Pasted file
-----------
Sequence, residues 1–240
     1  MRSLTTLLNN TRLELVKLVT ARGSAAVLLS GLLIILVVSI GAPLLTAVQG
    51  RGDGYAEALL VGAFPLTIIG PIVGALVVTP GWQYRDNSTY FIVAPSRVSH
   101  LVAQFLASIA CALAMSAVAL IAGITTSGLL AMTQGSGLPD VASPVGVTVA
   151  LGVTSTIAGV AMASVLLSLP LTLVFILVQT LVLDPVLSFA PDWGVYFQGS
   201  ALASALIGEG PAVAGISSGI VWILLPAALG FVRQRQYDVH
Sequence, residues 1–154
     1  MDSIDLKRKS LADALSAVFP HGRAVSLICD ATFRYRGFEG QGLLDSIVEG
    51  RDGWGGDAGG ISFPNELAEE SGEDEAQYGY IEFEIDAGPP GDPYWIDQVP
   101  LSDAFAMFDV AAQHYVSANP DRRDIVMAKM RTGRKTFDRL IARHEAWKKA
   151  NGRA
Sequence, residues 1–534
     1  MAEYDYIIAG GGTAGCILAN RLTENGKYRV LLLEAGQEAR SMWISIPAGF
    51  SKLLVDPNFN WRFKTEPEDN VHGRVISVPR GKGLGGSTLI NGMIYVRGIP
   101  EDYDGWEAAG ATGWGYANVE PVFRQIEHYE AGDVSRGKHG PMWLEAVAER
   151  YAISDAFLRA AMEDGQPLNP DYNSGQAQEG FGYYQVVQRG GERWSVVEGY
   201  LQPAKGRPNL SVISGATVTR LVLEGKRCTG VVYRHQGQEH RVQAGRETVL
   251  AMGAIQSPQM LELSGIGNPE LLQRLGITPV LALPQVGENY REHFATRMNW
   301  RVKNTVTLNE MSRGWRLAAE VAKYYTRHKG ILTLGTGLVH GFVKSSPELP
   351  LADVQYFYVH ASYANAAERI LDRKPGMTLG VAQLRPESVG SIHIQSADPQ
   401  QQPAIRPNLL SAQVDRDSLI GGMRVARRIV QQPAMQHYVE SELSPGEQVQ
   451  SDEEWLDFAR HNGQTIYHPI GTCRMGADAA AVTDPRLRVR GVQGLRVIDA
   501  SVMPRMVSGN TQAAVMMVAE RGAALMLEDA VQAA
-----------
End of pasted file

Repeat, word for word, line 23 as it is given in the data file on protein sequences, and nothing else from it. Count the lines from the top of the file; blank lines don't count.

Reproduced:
   501  SVMPRMVSGN TQAAVMMVAE RGAALMLEDA VQAA